Travelgate MPs may end up not paying a cent
Question: What do two ministers, the Free State premier, one of the Scorpions' most vocal critics and the MP who threatened to take the Springboks' passports away all have in common?
Answer: They are all listed as owing thousands of rands connected to the Travelgate fraud - and not one of them has paid a cent.
This was revealed after two creditors of alleged travel scam agency Bathong Travel brought an urgent Cape high court application to stop parliament from writing off claims, totalling just under R6 million, against MPs who did business with the company.
The 220-strong list, which also contains the names of MPs who paid back their debts, includes portfolio committee on sports and recreation chairman Butana Komphela, who made headlines with his controversial "transformation threats" against South Africa's national rugby team.
According to the list, Komphela is contesting a court order that he pay back R55 540.
The list also reveals that, despite pleading guilty to theft charges linked to the travel fraud in 2006, Komphela's fellow sports committee member Tsietsi Louw - who criticised Mpumalanga Rugby Union president Hein Mentz for his inclusion of convicted Waterkloof Four killer Gert van Schalkwyk in the Pumas - has only paid R30 000 of the R120 975 he allegedly owed.
Chairman of the national assembly Dr Siyabonga Cyprian Cwele, who heads the joint standing committee of intelligence, made headlines after he blasted the Scorpions over its controversial Special Browse Mole Report on ANC president Jacob Zuma. He is contesting a judgment that he pay back R28 659 to Bathong's creditors.
The list also shows that Home Affairs Minister Nosiviwe Mapisa-Nqakula has not paid a cent of the R43 708 she allegedly owes, while Land Affairs and Agriculture Minister Lulu Xingwana is fighting not to cough up the R63 064 debt against her name.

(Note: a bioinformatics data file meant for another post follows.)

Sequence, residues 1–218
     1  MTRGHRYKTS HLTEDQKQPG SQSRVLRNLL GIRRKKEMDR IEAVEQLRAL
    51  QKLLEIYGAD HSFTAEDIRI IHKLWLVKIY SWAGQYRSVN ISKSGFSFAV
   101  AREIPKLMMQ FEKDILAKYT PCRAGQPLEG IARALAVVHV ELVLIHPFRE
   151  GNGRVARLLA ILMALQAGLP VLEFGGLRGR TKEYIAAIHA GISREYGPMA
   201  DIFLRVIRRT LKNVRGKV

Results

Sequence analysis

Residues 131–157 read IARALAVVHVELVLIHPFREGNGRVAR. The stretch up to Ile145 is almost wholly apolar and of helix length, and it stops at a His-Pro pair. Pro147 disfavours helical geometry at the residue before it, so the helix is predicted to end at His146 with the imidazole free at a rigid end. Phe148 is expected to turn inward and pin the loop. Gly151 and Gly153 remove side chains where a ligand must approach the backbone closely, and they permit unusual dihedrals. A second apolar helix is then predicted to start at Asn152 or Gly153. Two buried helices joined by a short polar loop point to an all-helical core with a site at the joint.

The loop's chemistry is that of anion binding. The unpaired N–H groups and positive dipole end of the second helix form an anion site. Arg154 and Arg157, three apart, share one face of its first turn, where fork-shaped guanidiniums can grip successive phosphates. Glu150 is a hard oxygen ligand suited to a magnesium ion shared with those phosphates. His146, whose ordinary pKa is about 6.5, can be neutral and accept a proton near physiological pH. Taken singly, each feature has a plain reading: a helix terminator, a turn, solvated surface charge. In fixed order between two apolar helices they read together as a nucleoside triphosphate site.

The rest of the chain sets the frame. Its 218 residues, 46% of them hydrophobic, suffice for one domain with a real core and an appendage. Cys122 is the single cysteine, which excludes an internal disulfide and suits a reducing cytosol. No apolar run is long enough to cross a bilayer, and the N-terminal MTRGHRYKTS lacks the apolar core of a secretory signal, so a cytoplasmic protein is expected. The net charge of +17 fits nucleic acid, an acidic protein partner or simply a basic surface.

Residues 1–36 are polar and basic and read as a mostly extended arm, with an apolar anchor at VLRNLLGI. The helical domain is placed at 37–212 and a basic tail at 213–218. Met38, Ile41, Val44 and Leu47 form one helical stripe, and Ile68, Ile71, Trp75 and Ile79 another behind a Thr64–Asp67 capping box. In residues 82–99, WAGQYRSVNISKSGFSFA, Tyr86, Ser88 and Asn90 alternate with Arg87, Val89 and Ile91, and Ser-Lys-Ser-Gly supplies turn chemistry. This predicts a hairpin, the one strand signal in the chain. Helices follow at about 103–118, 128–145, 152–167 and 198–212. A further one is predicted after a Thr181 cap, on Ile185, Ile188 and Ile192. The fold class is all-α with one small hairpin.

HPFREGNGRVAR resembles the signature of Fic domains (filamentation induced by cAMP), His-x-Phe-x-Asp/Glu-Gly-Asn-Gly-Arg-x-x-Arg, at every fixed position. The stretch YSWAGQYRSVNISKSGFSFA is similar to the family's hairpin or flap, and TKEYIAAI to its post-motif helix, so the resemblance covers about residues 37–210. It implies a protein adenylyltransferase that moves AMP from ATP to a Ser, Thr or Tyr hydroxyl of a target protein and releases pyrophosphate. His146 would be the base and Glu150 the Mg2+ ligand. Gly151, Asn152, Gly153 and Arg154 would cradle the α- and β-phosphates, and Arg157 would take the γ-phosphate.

Other names on the list include:
Should parliament have its way, the ministers, Komphela and dozens of other MPs - most of whom are ANC members - will not only have to pay their alleged Travelgate debts, they will also be paid back whatever legal fees they rang up in fighting the claims.
This, according to two legal experts consulted on the matter, could result in taxpayers footing a "very substantial" legal bill.
Parliament will, however, first have to answer some uncomfortable accusations that it colluded with Bathong's liquidators to stop the recovery of MPs' alleged debts.
The claims were made by Jackson & Neethling Chartered Accountants and Flare Beverages, two of the Bathong creditors, who took legal action after parliament published a tiny notice in the Government Gazette, revealing that it would ask creditors of Bathong to instruct liquidators "to cease all other litigation as against the members of parliament in relation to all 'vouchers' that may have been utilised by Bathong Travel or its directors or shareholders".
It further stated that liquidators would be told not "to pursue any action as against the various members of parliament in relation to the un-invoiced tickets, levies and/or services".